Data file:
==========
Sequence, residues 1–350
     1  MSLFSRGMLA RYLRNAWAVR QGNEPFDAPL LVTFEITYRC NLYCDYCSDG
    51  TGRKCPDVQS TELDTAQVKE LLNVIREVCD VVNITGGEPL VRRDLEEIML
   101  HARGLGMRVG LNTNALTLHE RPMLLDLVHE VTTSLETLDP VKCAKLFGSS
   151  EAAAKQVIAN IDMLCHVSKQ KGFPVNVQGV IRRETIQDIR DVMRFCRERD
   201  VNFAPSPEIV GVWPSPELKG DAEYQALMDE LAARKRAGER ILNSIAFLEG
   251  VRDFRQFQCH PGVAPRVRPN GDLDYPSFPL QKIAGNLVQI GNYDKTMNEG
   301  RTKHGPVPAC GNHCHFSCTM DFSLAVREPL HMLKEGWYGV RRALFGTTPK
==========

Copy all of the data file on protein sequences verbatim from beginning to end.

Sequence, residues 1–350
     1  MSLFSRGMLA RYLRNAWAVR QGNEPFDAPL LVTFEITYRC NLYCDYCSDG
    51  TGRKCPDVQS TELDTAQVKE LLNVIREVCD VVNITGGEPL VRRDLEEIML
   101  HARGLGMRVG LNTNALTLHE RPMLLDLVHE VTTSLETLDP VKCAKLFGSS
   151  EAAAKQVIAN IDMLCHVSKQ KGFPVNVQGV IRRETIQDIR DVMRFCRERD
   201  VNFAPSPEIV GVWPSPELKG DAEYQALMDE LAARKRAGER ILNSIAFLEG
   251  VRDFRQFQCH PGVAPRVRPN GDLDYPSFPL QKIAGNLVQI GNYDKTMNEG
   301  RTKHGPVPAC GNHCHFSCTM DFSLAVREPL HMLKEGWYGV RRALFGTTPK